The Early Bird

My dad liked mornings. He went to the coffee shop before daylight. He always planned an early start during vacations. He got up and got moving, and he was perplexed by anyone who didn’t. He halfway expected the rest of the world to be up and productive when he was, and he seemed genuinely surprised when he found out someone wasn’t.

I can’t count the number of mornings I’d get a phone call between 6 and 6:30 a.m.

“This is Dad. Are you up?”

Most the time I lied and told him “Yes” because I’d heard his response to “Um, no, Dad, I am not up, because it is early!”:

“Well, you should be. The sun is up.”

I’m a morning person, too. As soon as I’m awake, I’m ready to start the day and be productive, but especially when my girls were young, I saw no reason to intentionally get up if everyone was sleeping and I could rest for a little while longer.

I don’t remember a single time he called early in the morning to tell me something life-changing. He usually had a silly joke ready to tell, or a “Did you hear?” fact about a local event or bit of news. He usually learned the tidbits on early morning radio or at the coffee shop, so of course, I hadn’t heard them yet. I was still in bed. Being lazy and unproductive. And comfortable.

Yet as annoying as those early calls were, I sort of enjoyed them. I might have groaned, but I usually also smiled. After all, my dad called me, and I liked that. So what if he interrupted my sleep? The phone conversations never lasted long, and I don’t go back to sleep once I’m awake in the morning, but in the the big scheme of things, it was fine. I got to start the day by talking to my dad.

Many times, interruptions are worthwhile.

Life In The Cockpit Of Technology

We gather all the things we need–our phones, laptops, tablets, and more–and we place our earphones on and focus. We can connect with people through technology. We can take care of many tasks. We can work uninterrupted, or at least with a feeling of control over our interruptions.

We’re not unlike pilots in their cockpits as they fly when we lock into our technology spaces. We let few people enter. We have control, or at least we think we do. We take on big responsibilities, but we do it in the illusion of isolation.

Technology gives us the opportunity to make quick connections and have effective productivity. But the more we think we can do within our reach, the more we enter a bubble to get more done. We are more content to focus on tasks than people. When we focus on people, it is often through a screen or microphone.

Technology can open up the world to us, so why do we close ourselves off and connect more with the technology than the world? Why doesn’t we use what have access to as a gateway instead of a destination? We become content to see photos instead of reality, videos instead of experiences, multi-tasking chats instead of face-to-face conversations, read someone else’s opinions instead of wrestling through our own doubts and issues.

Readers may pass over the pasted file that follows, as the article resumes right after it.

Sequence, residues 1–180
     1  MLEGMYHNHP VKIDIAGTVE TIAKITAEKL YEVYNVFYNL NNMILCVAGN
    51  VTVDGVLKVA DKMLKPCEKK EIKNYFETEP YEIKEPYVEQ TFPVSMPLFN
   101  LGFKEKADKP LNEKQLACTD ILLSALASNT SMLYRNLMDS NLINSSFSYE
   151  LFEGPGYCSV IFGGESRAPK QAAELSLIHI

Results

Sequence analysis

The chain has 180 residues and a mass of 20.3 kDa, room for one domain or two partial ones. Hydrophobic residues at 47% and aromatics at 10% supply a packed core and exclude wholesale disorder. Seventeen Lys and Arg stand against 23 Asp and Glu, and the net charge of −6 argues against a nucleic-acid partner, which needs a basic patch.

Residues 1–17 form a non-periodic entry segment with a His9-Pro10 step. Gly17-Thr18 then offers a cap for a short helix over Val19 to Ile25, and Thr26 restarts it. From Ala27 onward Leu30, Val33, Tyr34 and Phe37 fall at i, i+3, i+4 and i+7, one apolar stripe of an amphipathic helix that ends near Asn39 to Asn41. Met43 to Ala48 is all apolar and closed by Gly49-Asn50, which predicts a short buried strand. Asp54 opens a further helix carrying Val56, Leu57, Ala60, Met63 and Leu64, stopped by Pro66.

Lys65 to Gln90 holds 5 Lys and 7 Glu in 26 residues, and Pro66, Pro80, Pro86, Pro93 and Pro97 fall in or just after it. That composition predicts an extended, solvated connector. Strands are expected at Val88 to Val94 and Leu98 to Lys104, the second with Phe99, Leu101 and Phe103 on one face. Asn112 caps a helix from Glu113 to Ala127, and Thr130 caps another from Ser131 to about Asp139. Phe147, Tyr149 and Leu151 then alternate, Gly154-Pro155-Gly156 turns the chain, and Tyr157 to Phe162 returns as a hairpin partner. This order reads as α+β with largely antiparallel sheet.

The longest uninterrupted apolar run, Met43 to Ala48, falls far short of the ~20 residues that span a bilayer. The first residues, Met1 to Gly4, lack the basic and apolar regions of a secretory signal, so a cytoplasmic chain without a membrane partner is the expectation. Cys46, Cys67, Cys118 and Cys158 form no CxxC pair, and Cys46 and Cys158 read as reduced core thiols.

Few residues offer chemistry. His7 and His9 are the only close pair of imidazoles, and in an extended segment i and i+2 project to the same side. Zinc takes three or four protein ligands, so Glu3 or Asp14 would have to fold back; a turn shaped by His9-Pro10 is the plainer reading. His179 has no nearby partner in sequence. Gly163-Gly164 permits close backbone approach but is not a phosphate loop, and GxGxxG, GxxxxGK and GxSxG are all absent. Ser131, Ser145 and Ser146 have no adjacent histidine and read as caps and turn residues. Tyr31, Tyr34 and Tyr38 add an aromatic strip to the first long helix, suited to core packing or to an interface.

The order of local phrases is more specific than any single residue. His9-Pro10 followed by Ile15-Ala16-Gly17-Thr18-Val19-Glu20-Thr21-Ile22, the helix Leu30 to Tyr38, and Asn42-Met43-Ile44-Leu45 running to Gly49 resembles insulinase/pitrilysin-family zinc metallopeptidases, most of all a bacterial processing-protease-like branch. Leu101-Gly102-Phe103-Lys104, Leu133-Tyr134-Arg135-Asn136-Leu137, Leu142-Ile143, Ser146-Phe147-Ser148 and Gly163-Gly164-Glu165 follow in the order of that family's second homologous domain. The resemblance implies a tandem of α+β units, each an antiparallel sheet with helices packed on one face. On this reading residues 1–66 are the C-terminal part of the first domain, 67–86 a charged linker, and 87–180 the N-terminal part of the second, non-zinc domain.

The challenge is how to live with technology and use it well without closing ourselves off from the people in our lives. Being in the same room is not the same as being present with people, including ourselves.

How engaged are you with your phone compared to how engaged and invested in people are you?

It’s worth honest reflection and assessment today, so you can live better tomorrow.

Slow Down!

I got to study group and was hesitant to really engage. I kept thinking about skipping out to focus on other things that were on my mind. I didn’t think the benefits of staying were worth what I’d be missing. But I needed to slow down before making a decision. Life isn’t about pushing forward. It would have been okay for me to leave, but only for the right reasons. God challenged me to slow down enough to listen to how He was guiding, and as I settled down, I settled in.

I realized I was just where I needed to be. My priorities for the morning slid into place.

An hour went by. I engaged in challenging, encouraging discussion then sat down with friends to dig deeper while listening to the next message. I was lost in thought when I felt my phone vibrate. It was someone I couldn’t ignore or didn’t want to ignore. Yet I felt the pull of two directions. I had started off distracted, willing to step away, and found myself so engaged that I didn’t want to be distracted.